Australia plans to spend a record $120bn into infrastructure over the next decade(1). However, while this is a much-needed investment to help correct decades of under-spending in the sector, there is a huge risk of large-scale infrastructure projects going over budget—just as 34% of similar projects have in the past 15 years(2).
The good news is that financial and execution risks can be mitigated with effective controls and a focus on a culture of continuous improvement to positively impact readiness, productivity, claims and contingencies. The result is safer and better projects that could potentially save taxpayers billions of dollars.
Since the tail end of the mining-related construction boom in 2016, infrastructure construction in Australia has increased at a frenetic pace. The construction is driven by unprecedented public spending, with the largest portions spent in New South Wales and Victoria.
This boom will provide a material boost to the economy, but there is a high risk of critical failure in delivering these projects. In fact, we estimate that implementation challenges could cause half of these major projects to overrun their budgets, costing taxpayers as much as $40bn over the next eight years.
Dwindling resources and project breakdowns
The federal government plays a key role in catalysing and funding infrastructure spend but has no part to play in either master planning or driving projects to completion. This lack of central planning and coordination creates price bubbles, skills shortages and high levels of risk – all of which contribute to our poor national track record of large-scale infrastructure projects: 34% of such projects have had significant budget overruns in the past 15 years.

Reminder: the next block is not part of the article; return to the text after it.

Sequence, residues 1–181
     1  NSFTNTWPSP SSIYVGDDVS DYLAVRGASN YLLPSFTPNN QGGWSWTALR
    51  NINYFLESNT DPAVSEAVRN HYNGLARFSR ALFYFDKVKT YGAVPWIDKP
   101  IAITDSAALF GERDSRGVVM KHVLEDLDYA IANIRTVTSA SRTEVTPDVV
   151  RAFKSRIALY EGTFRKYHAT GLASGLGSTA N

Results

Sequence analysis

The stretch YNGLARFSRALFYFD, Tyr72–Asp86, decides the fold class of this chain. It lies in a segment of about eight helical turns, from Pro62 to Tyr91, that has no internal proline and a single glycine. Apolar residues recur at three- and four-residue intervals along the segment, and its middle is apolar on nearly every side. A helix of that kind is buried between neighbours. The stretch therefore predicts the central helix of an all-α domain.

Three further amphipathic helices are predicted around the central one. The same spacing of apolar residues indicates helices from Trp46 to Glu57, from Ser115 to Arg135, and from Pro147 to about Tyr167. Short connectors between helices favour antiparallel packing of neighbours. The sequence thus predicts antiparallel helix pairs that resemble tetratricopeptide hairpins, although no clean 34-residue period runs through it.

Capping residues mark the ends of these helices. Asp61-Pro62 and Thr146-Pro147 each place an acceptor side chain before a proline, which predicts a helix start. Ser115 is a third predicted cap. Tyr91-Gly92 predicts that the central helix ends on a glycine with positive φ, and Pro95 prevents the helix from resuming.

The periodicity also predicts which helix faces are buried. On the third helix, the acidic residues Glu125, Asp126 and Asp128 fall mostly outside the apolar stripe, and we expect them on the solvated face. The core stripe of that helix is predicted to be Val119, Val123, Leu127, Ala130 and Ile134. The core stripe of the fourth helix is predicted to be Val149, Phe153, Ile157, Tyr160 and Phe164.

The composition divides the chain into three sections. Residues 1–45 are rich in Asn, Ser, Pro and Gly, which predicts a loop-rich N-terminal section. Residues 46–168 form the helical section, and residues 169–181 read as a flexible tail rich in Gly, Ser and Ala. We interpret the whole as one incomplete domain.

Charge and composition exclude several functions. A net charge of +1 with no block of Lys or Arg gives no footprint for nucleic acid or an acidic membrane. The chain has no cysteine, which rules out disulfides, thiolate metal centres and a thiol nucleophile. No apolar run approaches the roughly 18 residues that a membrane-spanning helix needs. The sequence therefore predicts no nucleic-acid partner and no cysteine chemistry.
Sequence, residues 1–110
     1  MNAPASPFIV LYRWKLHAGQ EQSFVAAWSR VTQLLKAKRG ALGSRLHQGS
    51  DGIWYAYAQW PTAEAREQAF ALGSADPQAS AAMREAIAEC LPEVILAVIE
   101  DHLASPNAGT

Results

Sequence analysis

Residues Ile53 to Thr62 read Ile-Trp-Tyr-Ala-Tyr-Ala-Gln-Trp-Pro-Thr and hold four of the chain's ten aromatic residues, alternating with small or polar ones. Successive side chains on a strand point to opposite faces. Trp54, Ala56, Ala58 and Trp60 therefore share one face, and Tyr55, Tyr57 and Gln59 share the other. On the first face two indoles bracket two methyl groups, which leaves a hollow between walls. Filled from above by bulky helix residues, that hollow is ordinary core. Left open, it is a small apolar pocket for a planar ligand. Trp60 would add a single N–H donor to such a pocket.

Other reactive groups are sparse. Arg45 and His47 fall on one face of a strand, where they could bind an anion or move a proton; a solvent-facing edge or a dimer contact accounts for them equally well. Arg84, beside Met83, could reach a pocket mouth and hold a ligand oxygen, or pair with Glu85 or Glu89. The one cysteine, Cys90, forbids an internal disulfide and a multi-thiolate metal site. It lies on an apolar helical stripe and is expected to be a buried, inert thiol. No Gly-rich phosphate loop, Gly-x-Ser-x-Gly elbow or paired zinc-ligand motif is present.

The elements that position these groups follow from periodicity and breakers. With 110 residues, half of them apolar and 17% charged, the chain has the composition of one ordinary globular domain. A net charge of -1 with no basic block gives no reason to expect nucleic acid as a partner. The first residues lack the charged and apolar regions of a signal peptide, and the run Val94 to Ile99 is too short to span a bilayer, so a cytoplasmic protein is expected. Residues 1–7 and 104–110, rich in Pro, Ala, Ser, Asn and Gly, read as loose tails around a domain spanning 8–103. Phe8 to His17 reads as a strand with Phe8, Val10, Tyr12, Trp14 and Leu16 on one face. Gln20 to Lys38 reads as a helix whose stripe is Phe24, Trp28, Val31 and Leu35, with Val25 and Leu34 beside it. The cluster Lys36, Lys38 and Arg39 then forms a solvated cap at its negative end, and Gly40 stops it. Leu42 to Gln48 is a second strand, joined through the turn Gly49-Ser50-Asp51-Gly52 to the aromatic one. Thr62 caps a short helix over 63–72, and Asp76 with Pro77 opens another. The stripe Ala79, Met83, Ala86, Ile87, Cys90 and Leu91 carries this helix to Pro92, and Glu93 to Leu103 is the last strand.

The large number of projects being delivered concurrently will create competition within the limited pool of specialised project management resources. Combined with recent changes to the availability of 457 visas and the implications of COVID-19, this will heighten competition to levels we have not previously experienced.
Delayed delivery and damaged credibility
These cost and schedule overruns will have direct capital impacts and, perhaps more importantly, delay the delivery of publicly promised economic benefits. This diminishes community utility and convenience with local businesses often hit hardest due to lost revenue from reduced traffic and accessibility, at a time when fiscal stimulus is more important than ever. The Sydney light rail program is a particularly acute case.
Fiscal stimuli from infrastructure is projected to be 2.5x the investment. However, overruns cut that figure nearly in half, representing a loss of economic opportunities worth $23-$48 billion over the next decade(2).
It’s not too late to avoid economic loss
Government-sponsored projects often involve more stakeholders and complexity compared to privately delivered projects. However, by proactively taking measures now to establish the right systems, tools and processes, the risk of budget overruns can be significantly reduced.
Six steps towards success
1. Set up success with smart contracting strategy
Traditional contracts usually focus on establishing price and deliverables rather than building alignment and driving project performance. This approach can lead to hostile confrontation – as evidenced by the acrimonious standoff for the Melbourne Metro Tunnel project(3).
Projects are more likely to be delivered on time and within budget when mutually beneficial contracting strategies are developed that focus on mutually reducing risk and position both the project and contractors to be successful.